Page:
What little that was left of Becky, including the dragon tattoo on her left hand, identified her for me enough. I couldn’t use her face, because there was nothing left of it. I sighed heavily and turned around to look at Crammer’s back. I walked past him and he came down the stairs behind me, I doubt he ever looked back once, I know I didn’t.


            “Who found her?” I asked.


            “Cleaning lady.” Crammer said. “She said she’d been called and told to come early today, she normally doesn’t come until the afternoon.”

            “So someone who knew there was something to find came and told her to find it?” I asked.


            “Yeah.” Crammer said. “We’ve got that kid she worked with down at the station. He couldn’t have done it unless he boosted a car or something but he’s gave us the information that you drove them home so that’s helpful.”


            “Ain’t it just?” I asked. “You know, I’m starting to resent the fact that people think its okay to kill someone just because I’ve got a case that involves them. It’s really starting to piss me off.”


            “They said the explosive was put under Hain’s seat in his car.” Crammer said patting his side. “They got into his car and put a block of C-4 under his seat. There was a bit left over from the detonator, they said it was a remote detonator. The person with the bomb probably watched him get in and then hit the switch.”


            “Fuckers.” I nearly spit the word without considering why I made it plural.


            “You know about this slasher case?” he asked me as we walked back to his car.


            “Not a damn thing.” I told him.


            “Okay then.” He opened the back door of his car and pulled a file out of his briefcase on the back seat. “I had a copy made for you.”


            “Thanks.” I said taking it.


            “If you get caught with that, it’s probably both our asses.” He told me.


            “I stole it while you weren’t looking.” I told him.


            “Yeah.” He nodded. “You want to get your car and come down to the station? That Homunculus kid says you’re a friend of his, maybe you can take him home or something.”


            “Yeah.” I said. “Let’s get my car and your detective.”


            “We’re gonna get this fucker.” Crammer confided to me as we drove away. “The dumb ass left her twat full of come right next to the bed. Cut it out when he was done fucking her and put it on the night stand.”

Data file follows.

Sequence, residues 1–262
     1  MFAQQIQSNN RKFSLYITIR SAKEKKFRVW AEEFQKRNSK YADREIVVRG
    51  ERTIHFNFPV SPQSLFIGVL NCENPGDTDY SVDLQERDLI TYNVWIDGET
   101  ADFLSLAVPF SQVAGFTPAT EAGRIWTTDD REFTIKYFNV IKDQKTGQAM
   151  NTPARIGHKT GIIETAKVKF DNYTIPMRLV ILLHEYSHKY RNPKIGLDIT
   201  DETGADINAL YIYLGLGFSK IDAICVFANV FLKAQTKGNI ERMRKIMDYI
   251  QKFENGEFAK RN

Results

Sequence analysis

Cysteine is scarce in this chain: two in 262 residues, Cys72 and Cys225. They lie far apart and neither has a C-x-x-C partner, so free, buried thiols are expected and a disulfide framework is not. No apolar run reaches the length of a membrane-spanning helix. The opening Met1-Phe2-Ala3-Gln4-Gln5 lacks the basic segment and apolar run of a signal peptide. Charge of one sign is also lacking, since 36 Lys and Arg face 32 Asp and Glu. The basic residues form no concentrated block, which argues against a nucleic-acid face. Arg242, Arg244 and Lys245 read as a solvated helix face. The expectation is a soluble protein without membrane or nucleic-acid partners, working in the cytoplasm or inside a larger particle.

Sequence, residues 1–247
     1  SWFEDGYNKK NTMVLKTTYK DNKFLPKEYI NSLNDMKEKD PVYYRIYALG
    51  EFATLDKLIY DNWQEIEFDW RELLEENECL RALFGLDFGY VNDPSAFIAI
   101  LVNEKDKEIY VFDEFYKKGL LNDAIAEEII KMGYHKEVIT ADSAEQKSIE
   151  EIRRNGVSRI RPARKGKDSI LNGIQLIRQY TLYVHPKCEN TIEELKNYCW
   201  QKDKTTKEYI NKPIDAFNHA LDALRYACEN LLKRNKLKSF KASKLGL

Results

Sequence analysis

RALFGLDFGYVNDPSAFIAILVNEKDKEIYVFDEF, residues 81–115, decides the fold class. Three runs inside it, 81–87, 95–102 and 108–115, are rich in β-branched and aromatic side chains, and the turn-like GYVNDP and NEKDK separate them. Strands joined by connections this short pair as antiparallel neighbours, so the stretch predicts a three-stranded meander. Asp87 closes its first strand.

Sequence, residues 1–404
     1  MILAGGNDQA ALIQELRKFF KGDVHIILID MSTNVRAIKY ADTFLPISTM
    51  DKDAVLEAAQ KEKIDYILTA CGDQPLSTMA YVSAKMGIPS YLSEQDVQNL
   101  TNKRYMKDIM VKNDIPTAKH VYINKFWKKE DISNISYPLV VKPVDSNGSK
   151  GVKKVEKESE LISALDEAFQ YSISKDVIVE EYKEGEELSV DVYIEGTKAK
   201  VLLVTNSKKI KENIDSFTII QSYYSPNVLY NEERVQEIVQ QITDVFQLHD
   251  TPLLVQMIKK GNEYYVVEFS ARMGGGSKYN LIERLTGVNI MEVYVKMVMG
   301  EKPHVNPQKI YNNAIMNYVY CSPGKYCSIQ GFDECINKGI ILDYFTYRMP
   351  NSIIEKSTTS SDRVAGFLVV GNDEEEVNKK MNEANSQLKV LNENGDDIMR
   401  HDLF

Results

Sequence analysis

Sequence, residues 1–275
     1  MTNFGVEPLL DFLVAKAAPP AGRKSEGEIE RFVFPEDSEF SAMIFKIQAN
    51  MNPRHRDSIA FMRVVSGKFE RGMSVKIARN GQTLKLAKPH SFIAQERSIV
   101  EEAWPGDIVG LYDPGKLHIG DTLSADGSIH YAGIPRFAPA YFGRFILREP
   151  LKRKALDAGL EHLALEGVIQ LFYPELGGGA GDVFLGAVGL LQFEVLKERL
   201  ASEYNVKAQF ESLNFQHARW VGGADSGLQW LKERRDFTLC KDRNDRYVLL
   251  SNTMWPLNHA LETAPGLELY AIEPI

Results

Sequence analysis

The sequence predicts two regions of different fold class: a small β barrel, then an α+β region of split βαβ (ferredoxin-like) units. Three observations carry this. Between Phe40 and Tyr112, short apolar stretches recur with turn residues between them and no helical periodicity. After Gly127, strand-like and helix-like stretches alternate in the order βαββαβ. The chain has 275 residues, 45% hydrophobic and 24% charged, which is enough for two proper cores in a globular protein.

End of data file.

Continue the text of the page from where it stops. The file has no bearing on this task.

“What gentle euphemisms you use.” I commented, slightly amazed at my own ability to quip. “One might not know what you were talking about.”


            “Once they know whose come it is we’ll get him.” He said as if he hadn’t heard me, which he probably hadn’t. “I guaran-fuking-tee that.”


            “What if it was planted to throw you off?” I asked.


            “We’ll find that out too.” He said. “We’ll get him.”


            The way I was treated at the police station, you’d think it was my mother that had died rather than a girl I knew in high school. I have rarely been treated with so much deference, particularly not when I should have technically been a suspect.


            I gave my statement to a detective and was released on my own cognizance. I was also allowed to pick up Hewie before I left, which was nice for him because he needed to see a friendly face. I only started to wonder later why they’d let him go with me, but I’ve never really come up with a good reason. Maybe they’d decided that since he didn’t have a car or anything like that, that he could be eliminated as a suspect. I have no idea.


            Maybe it was just how sad he looked. He looked pathetic, like he hadn’t had a wink of sleep all night. He also had the shakes, which I attributed to not being able to have his morning hit of whatever it was he had in the morning. While we were driving he looked at my brass key fob as it dangled from the ignition.


            “What’s that mean?” He asked pointing at it. “Seven with one blow?”


            “Back in July I killed six people in about six minutes and then killed a seventh about twenty hours later.” I told him simply. “This makes me the Jack the Giant Killer in the eyes of the person who gave me this car. The brave little tailor, all that.”


            “So you’re used to people dying?” He asked and then the tears started. “Because I’m not.”


            He didn’t cry like a little bitch or anything, nothing queeny or effeminate. It was just a kid who hadn’t slept and had two major shocks one right after the other. He put his hand over his face and then put his entire are up over it to hide himself as best he could.


            I pulled off into a parking lot and put my hand on his shoulder. He didn’t shrug me off, but he didn’t lean in towards me. He just leaned against the window and cried it out for a few minutes. He put his right hand over mine after a minute and gave me a squeeze. He composed himself soon after and I gave him a tissue from the ash tray, which is all I use it for.


            “Thanks.” He took the tissue and blew his nose. “I’m just not used to it.”


            “Pray you never get used to it.” I told him. “So where were you last night? You don’t look like you slept.”